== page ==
Jeff Zucker, boss of CNN Worldwide, a cable-news firm, likes to start his morning with a shot of numbers. Every weekday at 9 a.m. he confers with his teams in New York, Atlanta, Washington, D.C. and other bureaus to discuss ratings and Web traffic, and to decide what news to cover. On Feb. 4 a story reconstructing the final day of Philip Seymour Hoffman, an actor who died of a heroin overdose, boosted CNN’s website. Zucker wanted to “push it” on TV too. As producers pitch the stories they plan to cover, Zucker pitches them his own, including more on Hillary Clinton’s election prospects, how bad weather affects America’s economy and whether drinking two fizzy drinks a day will actually kill you.


Upworthy Quits Page Views, Measures ‘Total Attention Minutes’ Instead
(10,000 Words)
Upworthy released a blog post Thursday announcing their new model for measuring success: Attention Minutes. Their source code and more information about its implementation is promised for the coming months (something to look forward to besides spring?). But for now, let’s take a look at their reasoning.

Philadelphia Weekly Puts Local Musician With Suspicious Number of Twitter Followers on Cover (Philadelphia City Paper / The Naked City)
Last week’s Philadelphia Weekly cover story was a strange one: It was a long profile of singer-songwriter Jordan White. The cover proclaims “Jordan White: For a guy who’s not a rock star yet, he sure has a lot of fans.” Inside, the headline is “The Secrets of His Success: Jordan White might be the most famous local rock balladeer you’ve never heard of.” Online, the headline is some clickbait about unicorns, but the subhead gets to the actual reason the piece was assigned: “Meet the ambitious musician from the suburbs who’s built an online audience 200,000 strong.”

Dick Button Talks Sochi Security, Today’s ‘Pip Squeak’ Jumps And Nonsensical Scoring (FishbowlNY / Lunch)
With all of the Northeast in the deep freeze and the opening ceremony of the 2014 Winter Olympics just hours away, it seemed more than fitting that this week’s “Lunch” date was with Dick Button. Since the umpteenth snowstorm of the season kept us away from Michael’s Wednesday, we decided to meet for a special Thursday edition of this column.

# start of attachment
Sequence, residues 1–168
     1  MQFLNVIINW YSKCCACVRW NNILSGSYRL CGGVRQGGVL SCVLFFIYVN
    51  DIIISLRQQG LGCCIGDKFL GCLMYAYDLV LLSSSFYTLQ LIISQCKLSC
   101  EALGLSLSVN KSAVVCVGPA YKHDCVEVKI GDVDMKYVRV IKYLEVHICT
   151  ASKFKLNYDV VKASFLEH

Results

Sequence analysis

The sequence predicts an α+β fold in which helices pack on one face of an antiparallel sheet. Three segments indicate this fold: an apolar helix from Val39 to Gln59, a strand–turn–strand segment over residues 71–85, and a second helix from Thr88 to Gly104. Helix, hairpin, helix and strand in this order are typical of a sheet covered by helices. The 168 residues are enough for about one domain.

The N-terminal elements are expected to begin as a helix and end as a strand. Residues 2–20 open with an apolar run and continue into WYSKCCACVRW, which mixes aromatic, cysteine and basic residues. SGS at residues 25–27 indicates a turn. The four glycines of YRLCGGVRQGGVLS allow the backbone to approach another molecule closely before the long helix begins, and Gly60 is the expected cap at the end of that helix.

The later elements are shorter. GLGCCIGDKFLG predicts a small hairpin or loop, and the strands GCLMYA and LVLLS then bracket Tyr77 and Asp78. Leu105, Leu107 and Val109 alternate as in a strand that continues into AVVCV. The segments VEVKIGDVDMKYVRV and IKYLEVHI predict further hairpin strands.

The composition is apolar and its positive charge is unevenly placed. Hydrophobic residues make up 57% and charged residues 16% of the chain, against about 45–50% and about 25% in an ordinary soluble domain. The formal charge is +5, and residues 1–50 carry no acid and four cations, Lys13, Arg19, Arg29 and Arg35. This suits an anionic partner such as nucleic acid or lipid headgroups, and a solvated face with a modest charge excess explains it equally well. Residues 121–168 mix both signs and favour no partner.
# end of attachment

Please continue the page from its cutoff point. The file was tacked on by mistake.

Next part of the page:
Why Poor Kids Do Not Get Media Jobs (MattBruening.com)
Jennifer Pan has a piece on Jacobin about the labor of social media. I enjoyed the bits about the extent to which social media jobs are essentially gendered emotional labor jobs in which predominately women interface with the public for a given company while the power structure that runs the company remains male-dominated. I take exception however with this sentence: “As the ongoing debates over unpaid internships and writing for free have evinced, the traditional media world has long been structured to bar those who cannot afford the high cost of jumping through gatekeeping hoops from entry.” Indeed, this has become a common sentiment, but as I have expressed before, I think it puts way too much emphasis on cost as the relevant barrier that keeps those from poor backgrounds out of media jobs.

Gannett’s Print-Focused Paywalls Flounder (CJR / The Audit)
Gannett’s fourth-quarter newspaper results, announced Tuesday, were basically miserable. Revenue at its publishing segment dropped 4.6 percent in the fourth quarter from last year (excluding 2012’s extra week), with advertising dropping 5.9 percent and circulation falling 1.6 percent. The last figure is key.

Mediabistro Blogs

TVNewser It’s ‘Hacker Hunting Season’ for Journalists Covering Sochi

TVSpy WNYW Reporter Asks: Does Local TV News Annoy You?

FishbowlNY NY Times Now Boasts 760,000 Digital Subscribers

SocialTimes New York Police Department Beta-Tests Google Glass

Lost Remote NBC Olympics Formally Partners with Twitter to Promote Winter Olympics

FishbowlDC AtlanticLIVE Staffs Up: Lauren Evans Named Assoc. Director of Biz. Development

AllFacebook Facebook’s Guide to Following Team USA During the 2014 Olympic Games

AllTwitter The Trouble with Twitter: With 241 Million Users, It Just Isn’t Growing Fast Enough

10,000 Words Upworthy Quits Page Views, Measures ‘Total Attention Minutes’ Instead

AppNewser Americans Prefer Mobile Phones, Internet Over Sex

GalleyCat Charlie Chaplin’s Novel Available for the First Time Ever

PRNewser 5 Reminders for Your Next Press Release

AgencySpy Levi’s Shifts Biz to Draftfcb, The House Worldwide

MediaJobsDaily Decrease in Number of Self-Employed Workers Since Recession

UnBeige DIY Drama: Ten Illustrated Stories ‘About People With Really Awful Lives’

mbtweetslogo.jpg

Advertise on Our Blog Network

Follow Mediabistro on Twitter, Facebook and Google+.

Mediabistro Course

Travel Writing

Travel WritingStarting September 23, learn how to turn your travel stories into published essays and articles! Taught by a former Vanity Fair staff writer, James Sturz will teach you how to report, interview, and find sources, discover story ideas and pitch them successfully, and understand what travel editors look for in a story. Register now!